1,078 pregnant women infected with HIV tested Randomized study, 8 years, blood count once every 6 months, 1. vitamin A (30mg of Beta- Carotene + 5,000 IU of performed vitamin A) 2. Multivitamins (without vitamin A)- 20mg of B1 and B2, 25 mg of B6, 100mg of naicin, 50 mg of B12, 500mg of vitamin C, 30mg of Vitamin E, and .8 mg of Folic acid) 3. Multivitamin with vitamin A- dose combination of 1 and 2 4. placebo

Results: Vitamin A
Of the total analyzed, 299 women progressed to stage

4 or died or AIDS related causes.


67/271 died (multivitamin)- 25% 70/268 died (multivitamin + Vitamin A)- 26% 79/272 died (vitamin A)- 29% 83/267 died (placebo)- 31%

Table 1: baseline characteristics of the women.

Discussion- Vitamin A
Multivitamin alone had a greater impact in slowing the

progression of HIV/AIDS
Due to increasing the CD4 counts and lowering the viral load. Also lowered HIV-related complications.

Vitamin A had a weaker response than Multivitamin

supplements in delaying the progression of disease


Caused on significant effect on clinical outcomes, T-cell

counts or viral load. Vitamin A supplements resulted in a significant increase in mother-to-child transmission of HIV. Compared to no Vitamin A dose, Vitamin A supplementation increased the risk of progression to stage 4 or death.

Background of Selenium
Functions: Plays catalytic role in antioxidant enzymes,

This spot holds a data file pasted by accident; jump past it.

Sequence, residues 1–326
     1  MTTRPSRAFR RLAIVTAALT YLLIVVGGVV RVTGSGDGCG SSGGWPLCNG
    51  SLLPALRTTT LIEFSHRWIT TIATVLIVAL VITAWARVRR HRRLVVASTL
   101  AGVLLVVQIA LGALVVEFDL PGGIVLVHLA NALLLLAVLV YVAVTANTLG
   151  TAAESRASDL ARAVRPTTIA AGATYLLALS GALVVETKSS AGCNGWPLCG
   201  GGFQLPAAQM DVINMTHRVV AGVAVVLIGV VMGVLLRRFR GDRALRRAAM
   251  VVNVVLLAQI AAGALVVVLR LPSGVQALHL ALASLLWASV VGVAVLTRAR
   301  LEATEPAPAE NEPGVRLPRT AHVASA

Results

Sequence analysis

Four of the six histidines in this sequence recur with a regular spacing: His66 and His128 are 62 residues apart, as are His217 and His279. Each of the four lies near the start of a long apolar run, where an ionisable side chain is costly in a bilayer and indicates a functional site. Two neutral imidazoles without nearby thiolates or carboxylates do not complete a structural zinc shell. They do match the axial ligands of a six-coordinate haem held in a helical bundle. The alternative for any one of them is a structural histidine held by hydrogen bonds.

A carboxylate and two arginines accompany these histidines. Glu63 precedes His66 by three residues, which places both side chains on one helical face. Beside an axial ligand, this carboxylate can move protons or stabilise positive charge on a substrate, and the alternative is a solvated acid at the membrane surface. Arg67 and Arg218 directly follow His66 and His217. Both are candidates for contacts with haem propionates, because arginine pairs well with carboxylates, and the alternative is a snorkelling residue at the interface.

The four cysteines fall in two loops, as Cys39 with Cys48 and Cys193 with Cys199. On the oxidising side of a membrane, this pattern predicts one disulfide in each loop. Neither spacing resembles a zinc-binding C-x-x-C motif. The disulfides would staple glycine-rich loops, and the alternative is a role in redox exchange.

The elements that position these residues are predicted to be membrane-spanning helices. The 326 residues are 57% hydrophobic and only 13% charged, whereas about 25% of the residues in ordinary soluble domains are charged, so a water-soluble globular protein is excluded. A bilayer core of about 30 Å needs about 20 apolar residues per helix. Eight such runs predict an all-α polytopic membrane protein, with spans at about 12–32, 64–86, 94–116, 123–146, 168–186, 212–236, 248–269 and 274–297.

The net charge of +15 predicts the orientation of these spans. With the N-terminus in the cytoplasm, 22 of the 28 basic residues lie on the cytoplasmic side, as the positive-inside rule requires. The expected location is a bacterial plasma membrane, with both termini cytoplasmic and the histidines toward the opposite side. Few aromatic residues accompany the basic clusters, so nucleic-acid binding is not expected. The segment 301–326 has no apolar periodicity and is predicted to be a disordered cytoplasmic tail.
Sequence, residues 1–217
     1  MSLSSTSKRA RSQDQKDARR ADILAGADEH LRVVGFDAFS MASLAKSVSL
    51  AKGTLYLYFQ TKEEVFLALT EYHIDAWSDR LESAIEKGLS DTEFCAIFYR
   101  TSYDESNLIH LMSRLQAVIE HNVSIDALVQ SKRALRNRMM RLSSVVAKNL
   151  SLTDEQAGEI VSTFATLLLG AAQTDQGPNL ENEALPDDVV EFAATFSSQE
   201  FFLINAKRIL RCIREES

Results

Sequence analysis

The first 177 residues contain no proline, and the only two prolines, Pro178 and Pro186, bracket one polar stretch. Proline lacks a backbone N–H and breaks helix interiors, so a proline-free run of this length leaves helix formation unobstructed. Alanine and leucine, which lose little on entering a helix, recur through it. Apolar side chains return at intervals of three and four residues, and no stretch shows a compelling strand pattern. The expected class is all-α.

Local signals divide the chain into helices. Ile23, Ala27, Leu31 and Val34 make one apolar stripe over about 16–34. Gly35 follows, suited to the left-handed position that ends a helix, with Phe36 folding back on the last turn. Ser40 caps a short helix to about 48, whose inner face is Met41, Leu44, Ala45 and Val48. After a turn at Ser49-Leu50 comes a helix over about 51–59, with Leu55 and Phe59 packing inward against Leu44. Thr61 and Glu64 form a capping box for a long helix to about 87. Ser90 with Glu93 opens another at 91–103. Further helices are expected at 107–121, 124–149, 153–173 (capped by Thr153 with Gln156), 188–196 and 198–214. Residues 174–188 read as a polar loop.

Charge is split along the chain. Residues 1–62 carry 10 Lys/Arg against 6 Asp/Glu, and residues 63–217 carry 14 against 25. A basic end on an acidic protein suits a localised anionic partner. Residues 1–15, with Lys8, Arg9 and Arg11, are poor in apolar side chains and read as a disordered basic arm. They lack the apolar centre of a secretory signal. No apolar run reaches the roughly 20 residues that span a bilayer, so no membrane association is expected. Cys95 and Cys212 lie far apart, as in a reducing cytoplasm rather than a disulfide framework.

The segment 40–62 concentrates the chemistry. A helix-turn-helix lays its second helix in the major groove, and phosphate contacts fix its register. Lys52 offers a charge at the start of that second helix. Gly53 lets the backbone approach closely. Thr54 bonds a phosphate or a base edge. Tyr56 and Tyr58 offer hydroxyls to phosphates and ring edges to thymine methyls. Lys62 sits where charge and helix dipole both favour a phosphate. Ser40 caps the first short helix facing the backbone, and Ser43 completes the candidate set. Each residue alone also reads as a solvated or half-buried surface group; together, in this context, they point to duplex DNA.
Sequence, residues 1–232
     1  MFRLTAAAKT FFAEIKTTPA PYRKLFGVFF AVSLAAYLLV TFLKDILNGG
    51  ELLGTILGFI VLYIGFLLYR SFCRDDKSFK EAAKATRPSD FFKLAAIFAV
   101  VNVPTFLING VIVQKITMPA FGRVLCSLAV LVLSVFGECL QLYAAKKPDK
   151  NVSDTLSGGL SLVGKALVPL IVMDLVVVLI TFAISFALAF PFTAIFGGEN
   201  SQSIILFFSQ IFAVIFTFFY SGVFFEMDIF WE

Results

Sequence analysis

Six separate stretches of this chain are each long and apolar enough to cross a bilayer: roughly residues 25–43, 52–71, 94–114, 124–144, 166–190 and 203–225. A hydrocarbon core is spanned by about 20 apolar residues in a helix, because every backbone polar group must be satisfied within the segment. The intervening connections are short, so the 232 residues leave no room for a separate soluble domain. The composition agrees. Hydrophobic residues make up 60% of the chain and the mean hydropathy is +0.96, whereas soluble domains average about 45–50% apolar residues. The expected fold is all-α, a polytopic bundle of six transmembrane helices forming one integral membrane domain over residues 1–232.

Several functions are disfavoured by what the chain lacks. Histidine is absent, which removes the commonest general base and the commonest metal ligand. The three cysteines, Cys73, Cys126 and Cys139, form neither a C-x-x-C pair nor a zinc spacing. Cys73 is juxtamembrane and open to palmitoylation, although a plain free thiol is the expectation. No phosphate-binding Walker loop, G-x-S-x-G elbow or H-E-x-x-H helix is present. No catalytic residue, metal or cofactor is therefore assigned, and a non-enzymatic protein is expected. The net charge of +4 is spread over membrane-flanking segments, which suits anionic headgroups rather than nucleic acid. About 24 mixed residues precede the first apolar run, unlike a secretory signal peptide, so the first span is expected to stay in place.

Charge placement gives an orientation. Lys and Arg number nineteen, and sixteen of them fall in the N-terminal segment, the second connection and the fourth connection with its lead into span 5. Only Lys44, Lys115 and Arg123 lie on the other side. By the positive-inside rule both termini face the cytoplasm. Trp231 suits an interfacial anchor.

glutathione peroxidase and iodothyronine 5-deiodinases


Participates in synthesis of leukotriene C4,

Selenium deficiency is common among HIV infected patients Glutathione peroxidase and Iodothyronine 5- deiodinases are diminshed due to infected T cells.

Viral cells use selenoproteins to replicate causing a decrease in selenium concentrations.

Low plasma selenium concentrations are related to increased risk of

mortality and mycobacterial disease among HIV infected people Low hemoglobin concentrations are associated with selenium among both HIV infected and un-infected populations.

Sources of Selenium
All dependent on soil content Mostly plants, nuts, legumes Meats Seafood Supplement used Selenomethionine

Objective- Selenium
Test effect of selenium supplements on hemoglobin

concentrations and morbidity amoung HIV-1 infected Tanzanian women.


Because the relationship between selenium, hemoglobin

concentrations, and infectious morbidity has not been study adequately in sub-Saharan Africa. To discover a low-cost immuno-modulating supplements.